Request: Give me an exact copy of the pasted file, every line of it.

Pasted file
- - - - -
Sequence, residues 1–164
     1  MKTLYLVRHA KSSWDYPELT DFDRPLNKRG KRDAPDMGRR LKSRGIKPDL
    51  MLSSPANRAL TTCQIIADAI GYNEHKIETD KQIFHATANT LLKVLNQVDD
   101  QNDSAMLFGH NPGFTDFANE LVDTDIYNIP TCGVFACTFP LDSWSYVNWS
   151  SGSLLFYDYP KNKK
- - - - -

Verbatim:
Sequence, residues 1–164
     1  MKTLYLVRHA KSSWDYPELT DFDRPLNKRG KRDAPDMGRR LKSRGIKPDL
    51  MLSSPANRAL TTCQIIADAI GYNEHKIETD KQIFHATANT LLKVLNQVDD
   101  QNDSAMLFGH NPGFTDFANE LVDTDIYNIP TCGVFACTFP LDSWSYVNWS
   151  SGSLLFYDYP KNKK